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Sun, April 18

Basketball trip<br>rejected by board

What appeared to be a routine approval item on the Grand Canyon School Board agenda turned into a lengthy discussion and a no-vote during the June 18 meeting.

Grand Canyon High School boys basketball coach and athletic director Dan Lopez requested approval for the club team to attend a team camp from June 27-30 in San Diego. Twelve players had signed up and the camp’s entry fee of $485 had been paid. Parent permission slips, physical forms and consent forms had all been completed.

So why did the school board reject the club team’s trip?

"I think we need more than 10 days notice and an outline in advance," school board member Jon Streit said. "I need to see things itemized and how much it will cost."

The boys basketball team formed a club last year, although it was not school-sanctioned, to participate in a summer basketball league in Flagstaff. Last month, the club, now coed, was approved by the school board and the former club deposited all of its money into that account.

Lopez told the board that 86 schools from southern California and another 20 from Arizona were headed to the tournament.

"This is pretty much a reward to the student athletes who put in all the off-season time in the weight room and leagues," Lopez said.

Lopez said the club was $486 short of covering all expenses for the trip, but added there would be no problem obtaining the rest. In addition to the camp fee, the club planned to use nearly $2,000 in the account for food and transportation.

"We had leftover money from last year when we did fund-raisers and then we also did concessions at the middle-school basketball tournament and a couple of volleyball games," Lopez said. "We’ve sold tamales, we’ve sold snacks after school and all that money has been put into the basketball fund."

Streit questioned Lopez over the club’s fund-raising activities when it was a non-sanctioned club.

"When I came here, I wanted to do a variety of different things," Lopez said. "Well, there was no money. I went to businesses, we did fund-raisers. But the club was not sanctioned by the school, it had nothing to do with the school. It was a separate account to raise money to play in the Flagstaff league. When we became a sanctioned club, we put the money in the club’s fund."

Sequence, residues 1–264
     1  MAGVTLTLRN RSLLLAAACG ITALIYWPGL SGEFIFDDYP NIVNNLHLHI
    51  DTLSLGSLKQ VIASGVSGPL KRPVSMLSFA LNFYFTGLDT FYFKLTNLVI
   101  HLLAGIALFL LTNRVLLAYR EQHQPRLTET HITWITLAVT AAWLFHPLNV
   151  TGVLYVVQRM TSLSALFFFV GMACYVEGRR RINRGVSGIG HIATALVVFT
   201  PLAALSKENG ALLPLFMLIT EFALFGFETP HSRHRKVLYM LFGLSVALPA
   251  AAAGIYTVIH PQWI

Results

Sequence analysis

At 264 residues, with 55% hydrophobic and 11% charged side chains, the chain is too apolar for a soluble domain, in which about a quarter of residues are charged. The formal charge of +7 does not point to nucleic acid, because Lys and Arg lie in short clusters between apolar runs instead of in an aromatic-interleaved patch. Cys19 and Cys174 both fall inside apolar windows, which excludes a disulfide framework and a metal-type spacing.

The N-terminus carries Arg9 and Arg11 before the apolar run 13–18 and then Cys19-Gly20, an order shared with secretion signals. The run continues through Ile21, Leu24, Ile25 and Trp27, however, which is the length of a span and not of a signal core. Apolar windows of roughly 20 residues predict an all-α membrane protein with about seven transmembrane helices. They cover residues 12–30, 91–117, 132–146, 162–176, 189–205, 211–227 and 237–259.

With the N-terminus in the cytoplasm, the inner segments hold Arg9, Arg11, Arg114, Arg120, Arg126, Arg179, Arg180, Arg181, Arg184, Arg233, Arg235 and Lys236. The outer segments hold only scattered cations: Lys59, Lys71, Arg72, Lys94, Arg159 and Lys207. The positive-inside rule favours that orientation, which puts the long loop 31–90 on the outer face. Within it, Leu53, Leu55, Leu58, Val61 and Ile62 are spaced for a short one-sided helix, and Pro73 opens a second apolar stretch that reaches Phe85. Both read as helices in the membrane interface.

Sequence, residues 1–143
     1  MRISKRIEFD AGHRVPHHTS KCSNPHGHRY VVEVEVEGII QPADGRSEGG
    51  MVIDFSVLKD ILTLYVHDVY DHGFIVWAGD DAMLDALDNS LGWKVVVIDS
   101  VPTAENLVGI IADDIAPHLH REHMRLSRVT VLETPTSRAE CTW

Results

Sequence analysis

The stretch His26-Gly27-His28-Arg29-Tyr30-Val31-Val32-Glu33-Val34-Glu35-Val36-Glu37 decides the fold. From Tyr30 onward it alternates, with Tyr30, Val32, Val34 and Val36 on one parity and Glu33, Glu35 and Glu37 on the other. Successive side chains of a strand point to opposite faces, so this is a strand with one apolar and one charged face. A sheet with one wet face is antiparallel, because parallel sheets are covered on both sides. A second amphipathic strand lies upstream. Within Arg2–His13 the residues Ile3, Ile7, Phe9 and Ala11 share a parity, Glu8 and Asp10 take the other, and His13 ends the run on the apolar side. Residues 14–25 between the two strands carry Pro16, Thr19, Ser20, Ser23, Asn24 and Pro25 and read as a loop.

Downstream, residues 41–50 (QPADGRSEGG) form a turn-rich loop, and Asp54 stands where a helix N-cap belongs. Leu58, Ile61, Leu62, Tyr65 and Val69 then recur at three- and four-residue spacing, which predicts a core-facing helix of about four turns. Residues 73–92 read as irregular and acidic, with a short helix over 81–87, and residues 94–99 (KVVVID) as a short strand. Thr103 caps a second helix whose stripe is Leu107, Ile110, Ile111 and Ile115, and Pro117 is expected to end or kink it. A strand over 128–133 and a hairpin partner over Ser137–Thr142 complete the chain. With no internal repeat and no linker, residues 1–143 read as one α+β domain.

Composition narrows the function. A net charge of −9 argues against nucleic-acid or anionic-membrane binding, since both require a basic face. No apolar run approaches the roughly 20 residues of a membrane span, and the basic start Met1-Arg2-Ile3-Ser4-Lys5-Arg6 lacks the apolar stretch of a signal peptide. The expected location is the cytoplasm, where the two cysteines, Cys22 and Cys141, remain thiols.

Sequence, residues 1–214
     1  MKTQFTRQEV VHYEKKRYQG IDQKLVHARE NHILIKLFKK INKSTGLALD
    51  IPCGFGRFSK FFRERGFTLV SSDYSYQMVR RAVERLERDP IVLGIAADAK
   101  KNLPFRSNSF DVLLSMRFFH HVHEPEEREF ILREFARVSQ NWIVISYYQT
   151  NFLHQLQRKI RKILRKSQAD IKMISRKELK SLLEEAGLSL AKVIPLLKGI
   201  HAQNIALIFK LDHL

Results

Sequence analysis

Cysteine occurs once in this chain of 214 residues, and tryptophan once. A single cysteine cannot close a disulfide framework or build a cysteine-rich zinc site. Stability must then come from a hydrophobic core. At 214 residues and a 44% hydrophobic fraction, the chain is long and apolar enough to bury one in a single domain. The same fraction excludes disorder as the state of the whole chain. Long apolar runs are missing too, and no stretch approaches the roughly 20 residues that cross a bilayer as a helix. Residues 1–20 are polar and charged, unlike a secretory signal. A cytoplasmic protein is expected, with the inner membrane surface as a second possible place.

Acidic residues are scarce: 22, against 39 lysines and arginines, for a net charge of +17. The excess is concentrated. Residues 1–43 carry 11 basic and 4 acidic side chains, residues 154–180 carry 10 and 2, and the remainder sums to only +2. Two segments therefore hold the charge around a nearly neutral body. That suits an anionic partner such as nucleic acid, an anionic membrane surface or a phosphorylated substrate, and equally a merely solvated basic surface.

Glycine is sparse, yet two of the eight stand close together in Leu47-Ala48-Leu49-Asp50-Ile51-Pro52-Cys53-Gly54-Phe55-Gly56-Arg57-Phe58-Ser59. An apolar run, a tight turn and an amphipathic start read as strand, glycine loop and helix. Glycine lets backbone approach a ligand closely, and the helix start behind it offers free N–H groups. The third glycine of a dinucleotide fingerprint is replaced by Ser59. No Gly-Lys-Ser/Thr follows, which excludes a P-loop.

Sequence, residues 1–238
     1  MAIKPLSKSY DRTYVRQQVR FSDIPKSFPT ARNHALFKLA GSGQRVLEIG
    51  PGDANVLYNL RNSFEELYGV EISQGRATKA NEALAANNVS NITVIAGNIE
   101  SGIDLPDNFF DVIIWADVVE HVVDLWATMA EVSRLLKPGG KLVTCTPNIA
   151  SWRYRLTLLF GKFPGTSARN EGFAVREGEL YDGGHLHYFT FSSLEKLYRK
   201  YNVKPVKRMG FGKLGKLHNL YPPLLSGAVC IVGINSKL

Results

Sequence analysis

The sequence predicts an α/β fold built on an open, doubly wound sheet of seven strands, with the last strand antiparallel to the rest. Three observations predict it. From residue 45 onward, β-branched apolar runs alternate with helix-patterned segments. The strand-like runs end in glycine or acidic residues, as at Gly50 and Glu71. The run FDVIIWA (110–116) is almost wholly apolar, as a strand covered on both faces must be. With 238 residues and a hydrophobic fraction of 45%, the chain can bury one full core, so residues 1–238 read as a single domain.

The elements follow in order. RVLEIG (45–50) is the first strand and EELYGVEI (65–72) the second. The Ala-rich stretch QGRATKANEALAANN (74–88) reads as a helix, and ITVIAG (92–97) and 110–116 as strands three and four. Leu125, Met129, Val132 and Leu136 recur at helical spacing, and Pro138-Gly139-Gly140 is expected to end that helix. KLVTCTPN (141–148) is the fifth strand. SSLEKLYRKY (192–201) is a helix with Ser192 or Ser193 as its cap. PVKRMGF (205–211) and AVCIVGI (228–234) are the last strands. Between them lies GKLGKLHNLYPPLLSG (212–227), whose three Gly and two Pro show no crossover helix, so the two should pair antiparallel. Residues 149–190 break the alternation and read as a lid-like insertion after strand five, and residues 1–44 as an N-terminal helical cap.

Discussion continued for several minutes over issues with concessions. Streit used strong words to get his point across about non-sanctioned clubs using school facilities to raise money.

Lopez said the school board will be receiving an extensive concessions stand policy from him.

"It will be controversial," Lopez said. "Schools districts where I’ve worked, every club has an opportunity to bid on an athletic event to run the concessions and use that money they’ve raised for their club. But here, the only concessions run on a consistent basis is basketball by the Booster Club."

The issue over concessions was cut short by school board president Chuck Wahler, who said it was getting away from the purpose of the agenda item.

Discussion then evolved into the issue over equal opportunity for both boys and girls basketball players. Andrew Aldaz, girls basketball coach, said he had been trying to get something going in the past month since the coed club was officially organized.

"For us, we only had four or five girls interested in coming to practice on a regular basis or to open gym," Aldaz said. "The interest for the girls is not there as much as the boys."

School board member Tom Pittenger asked if the boys could participate in a basketball camp closer to home.

Lopez said one of the points of the San Diego trip was to reward the players for their hard work and create continued enthusiasm for the program.

"Kids nowadays need carrots and need tangible things to work for in terms of their participation because we’re pulling them so many different ways," Lopez said. "These kids worked very hard to raise this money. We went over different camps ... and San Diego was one of them. There are closer camps, but my belief is if we’re raising the money and the kids are doing the work to raise the funds, then this is a fun trip for them."

When equal opportunity was brought up again by Streit, Lopez said coaches of each sport are responsible for what they want to do.

"If Matt Yost wants to get kids playing volleyball twice a week and going to leagues (that’s up to him)," Lopez said. "This is an issue with me and the coaches because every place where I’ve been the AD, every coach is fighting to go to camps and get in leagues ... the head coaches are responsible for how much they want to involve their kids."

Although there were several underlying issues with the board, timing seemed to be a big one.

"It’s less than two weeks before the planned activity and that leaves us in a bad situation," Pittenger said. "As you can see, the board has some concerns about these types of activities."

"That is my fault, I knew we were going to this camp in January," Lopez replied. "So I could have had it requested or have been at the last couple of meetings for discussion."

The cost to the district for the trip was nothing, although the request included the use of the Phantom bus to transport the players.

Wahler made a motion to approve the trip. But the motion died for a lack of second.

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